Stewart Penney/LONDON

US President Bill Clinton has written to UK Prime Minister Tony Blair offering to link future US long-range air-to-air missile development with the UK's Beyond Visual Range Air-to-Air Missile (BVRAAM) programme. Clinton's move comes shortly after France joined the pan-European Matra BAe Dynamics-led Meteor team which is competing against a Raytheon team offering a development of the Advanced Medium Range Air-to-Air Missile (AMRAAM).

In the 4 August letter, Clinton describes BVRAAM as an "important opportunity for Anglo-US industrial co-operation" which can "foster transatlantic co-operation".

The combined missile development will bring "continued interoperability to the [NATO] alliance", he suggests.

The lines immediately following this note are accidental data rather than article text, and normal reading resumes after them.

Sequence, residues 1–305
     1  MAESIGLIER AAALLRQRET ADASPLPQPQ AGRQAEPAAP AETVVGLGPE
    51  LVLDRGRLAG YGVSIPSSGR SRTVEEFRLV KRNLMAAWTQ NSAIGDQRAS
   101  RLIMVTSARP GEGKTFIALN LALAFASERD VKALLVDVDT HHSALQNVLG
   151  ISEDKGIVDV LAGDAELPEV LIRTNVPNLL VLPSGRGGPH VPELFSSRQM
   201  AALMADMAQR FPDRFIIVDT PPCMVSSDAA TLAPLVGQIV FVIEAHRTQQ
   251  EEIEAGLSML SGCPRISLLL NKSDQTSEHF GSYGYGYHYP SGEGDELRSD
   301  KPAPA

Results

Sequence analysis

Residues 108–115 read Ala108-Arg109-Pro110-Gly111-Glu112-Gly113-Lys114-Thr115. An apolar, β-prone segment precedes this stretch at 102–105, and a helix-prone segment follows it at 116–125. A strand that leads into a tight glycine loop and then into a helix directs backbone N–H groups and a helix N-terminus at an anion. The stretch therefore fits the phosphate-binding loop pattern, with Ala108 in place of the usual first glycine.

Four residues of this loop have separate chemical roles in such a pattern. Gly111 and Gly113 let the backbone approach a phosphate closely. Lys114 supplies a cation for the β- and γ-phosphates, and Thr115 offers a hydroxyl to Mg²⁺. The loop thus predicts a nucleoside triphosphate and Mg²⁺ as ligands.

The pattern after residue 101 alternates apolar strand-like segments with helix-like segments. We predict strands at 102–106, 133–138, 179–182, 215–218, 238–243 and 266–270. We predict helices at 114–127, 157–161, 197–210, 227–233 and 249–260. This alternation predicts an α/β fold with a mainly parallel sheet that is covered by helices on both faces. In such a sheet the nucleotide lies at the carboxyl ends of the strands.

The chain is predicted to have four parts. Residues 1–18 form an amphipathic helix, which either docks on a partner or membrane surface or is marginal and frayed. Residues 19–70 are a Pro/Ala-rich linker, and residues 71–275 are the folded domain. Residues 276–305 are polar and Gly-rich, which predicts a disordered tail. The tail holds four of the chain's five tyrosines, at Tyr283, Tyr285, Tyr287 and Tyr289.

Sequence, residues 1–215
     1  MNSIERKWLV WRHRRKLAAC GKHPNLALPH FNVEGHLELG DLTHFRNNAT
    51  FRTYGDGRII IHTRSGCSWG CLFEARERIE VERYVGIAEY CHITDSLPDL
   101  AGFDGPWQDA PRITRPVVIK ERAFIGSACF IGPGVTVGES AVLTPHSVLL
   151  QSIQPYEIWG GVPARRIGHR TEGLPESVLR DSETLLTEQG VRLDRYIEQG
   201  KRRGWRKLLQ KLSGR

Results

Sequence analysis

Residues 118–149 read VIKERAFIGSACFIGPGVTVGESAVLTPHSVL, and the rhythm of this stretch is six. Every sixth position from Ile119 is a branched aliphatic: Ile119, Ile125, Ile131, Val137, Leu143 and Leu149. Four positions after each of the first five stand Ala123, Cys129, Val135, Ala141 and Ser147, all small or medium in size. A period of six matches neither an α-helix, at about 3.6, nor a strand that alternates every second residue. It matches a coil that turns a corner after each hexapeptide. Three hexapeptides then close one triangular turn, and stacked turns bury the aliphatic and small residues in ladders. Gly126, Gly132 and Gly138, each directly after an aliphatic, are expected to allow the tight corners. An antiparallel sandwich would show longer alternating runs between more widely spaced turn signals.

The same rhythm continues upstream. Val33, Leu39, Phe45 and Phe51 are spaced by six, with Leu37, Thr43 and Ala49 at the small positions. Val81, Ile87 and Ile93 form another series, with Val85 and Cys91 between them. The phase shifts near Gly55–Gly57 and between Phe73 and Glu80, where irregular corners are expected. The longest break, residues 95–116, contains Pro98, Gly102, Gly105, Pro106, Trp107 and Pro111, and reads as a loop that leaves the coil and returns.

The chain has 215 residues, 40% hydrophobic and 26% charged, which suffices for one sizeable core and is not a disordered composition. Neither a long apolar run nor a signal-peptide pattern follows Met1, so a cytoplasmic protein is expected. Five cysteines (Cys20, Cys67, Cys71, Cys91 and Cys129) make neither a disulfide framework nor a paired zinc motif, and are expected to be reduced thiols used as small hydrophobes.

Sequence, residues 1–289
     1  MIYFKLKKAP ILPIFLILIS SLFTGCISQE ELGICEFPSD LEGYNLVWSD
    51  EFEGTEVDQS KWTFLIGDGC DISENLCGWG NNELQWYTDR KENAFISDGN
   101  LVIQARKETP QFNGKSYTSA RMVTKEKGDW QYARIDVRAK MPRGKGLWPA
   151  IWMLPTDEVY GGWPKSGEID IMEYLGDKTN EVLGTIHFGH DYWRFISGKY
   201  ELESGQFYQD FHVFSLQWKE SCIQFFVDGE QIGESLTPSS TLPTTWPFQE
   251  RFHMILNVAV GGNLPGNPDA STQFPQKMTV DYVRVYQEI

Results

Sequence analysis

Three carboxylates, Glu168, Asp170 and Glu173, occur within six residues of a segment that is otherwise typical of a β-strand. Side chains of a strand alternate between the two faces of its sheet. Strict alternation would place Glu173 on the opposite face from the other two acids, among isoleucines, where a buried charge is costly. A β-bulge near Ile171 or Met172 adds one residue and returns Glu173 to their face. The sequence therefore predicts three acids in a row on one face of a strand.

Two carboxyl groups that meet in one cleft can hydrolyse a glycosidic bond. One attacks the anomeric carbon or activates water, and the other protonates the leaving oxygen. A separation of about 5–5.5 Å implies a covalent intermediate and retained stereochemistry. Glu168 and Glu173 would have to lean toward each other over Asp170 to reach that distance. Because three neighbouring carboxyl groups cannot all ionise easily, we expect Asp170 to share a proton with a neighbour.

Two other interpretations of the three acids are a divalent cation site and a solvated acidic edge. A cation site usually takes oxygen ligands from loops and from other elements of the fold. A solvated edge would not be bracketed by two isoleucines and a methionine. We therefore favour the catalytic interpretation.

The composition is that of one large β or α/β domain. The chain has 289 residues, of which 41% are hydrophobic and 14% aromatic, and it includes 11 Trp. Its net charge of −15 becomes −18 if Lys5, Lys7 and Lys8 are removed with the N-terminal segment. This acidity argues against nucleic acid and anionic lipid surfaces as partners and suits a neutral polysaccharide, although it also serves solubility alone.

Clinton adds that the USAir Force has briefed the Royal Air Force on its long-term missile development plans. The US armed forces have road maps for AMRAAM development to 2010 and beyond. Planned upgrades include changes to the propulsion system, seeker and guidance system.

European industry is concerned that a win for the Raytheon-led team will hand all future missile development to the USA, which it views as already having a monopoly in long-range air-to-air missiles. Clinton says a UK/US BVRAAM missile will have a strong industrial base in the UK. Team Meteor brings together Europe's missile houses and already provides a strong base, argues an industrial source. Raytheon has also gathered a group of European companies to develop its Extended Range Air-to-Air Missile and Future Medium Range Air-to-Air Missiles.

BVRAAM is scheduled to enter service on RAF Eurofighters in 2008, and a major concern in Europe is that the US will block exports of European aircraft armed with AMRAAM and its derivatives. US defence secretary William Cohen wrote to his UK counterpart George Robertson in May last year to quell this fear.

Source: Flight International